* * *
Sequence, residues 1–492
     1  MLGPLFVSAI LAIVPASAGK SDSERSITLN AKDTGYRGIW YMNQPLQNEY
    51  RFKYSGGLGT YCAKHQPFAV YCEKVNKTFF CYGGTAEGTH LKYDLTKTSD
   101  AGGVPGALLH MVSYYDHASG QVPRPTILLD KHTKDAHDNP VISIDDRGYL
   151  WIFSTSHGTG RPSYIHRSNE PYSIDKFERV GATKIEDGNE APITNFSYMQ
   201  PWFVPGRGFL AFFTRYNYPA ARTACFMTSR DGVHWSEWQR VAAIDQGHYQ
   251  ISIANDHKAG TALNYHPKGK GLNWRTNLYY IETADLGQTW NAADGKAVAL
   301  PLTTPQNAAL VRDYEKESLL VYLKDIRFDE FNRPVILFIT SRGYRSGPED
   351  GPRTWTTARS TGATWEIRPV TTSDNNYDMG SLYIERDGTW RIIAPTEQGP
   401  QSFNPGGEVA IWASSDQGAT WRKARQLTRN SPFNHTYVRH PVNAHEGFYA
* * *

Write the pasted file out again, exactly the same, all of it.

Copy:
Sequence, residues 1–492
     1  MLGPLFVSAI LAIVPASAGK SDSERSITLN AKDTGYRGIW YMNQPLQNEY
    51  RFKYSGGLGT YCAKHQPFAV YCEKVNKTFF CYGGTAEGTH LKYDLTKTSD
   101  AGGVPGALLH MVSYYDHASG QVPRPTILLD KHTKDAHDNP VISIDDRGYL
   151  WIFSTSHGTG RPSYIHRSNE PYSIDKFERV GATKIEDGNE APITNFSYMQ
   201  PWFVPGRGFL AFFTRYNYPA ARTACFMTSR DGVHWSEWQR VAAIDQGHYQ
   251  ISIANDHKAG TALNYHPKGK GLNWRTNLYY IETADLGQTW NAADGKAVAL
   301  PLTTPQNAAL VRDYEKESLL VYLKDIRFDE FNRPVILFIT SRGYRSGPED
   351  GPRTWTTARS TGATWEIRPV TTSDNNYDMG SLYIERDGTW RIIAPTEQGP
   401  QSFNPGGEVA IWASSDQGAT WRKARQLTRN SPFNHTYVRH PVNAHEGFYA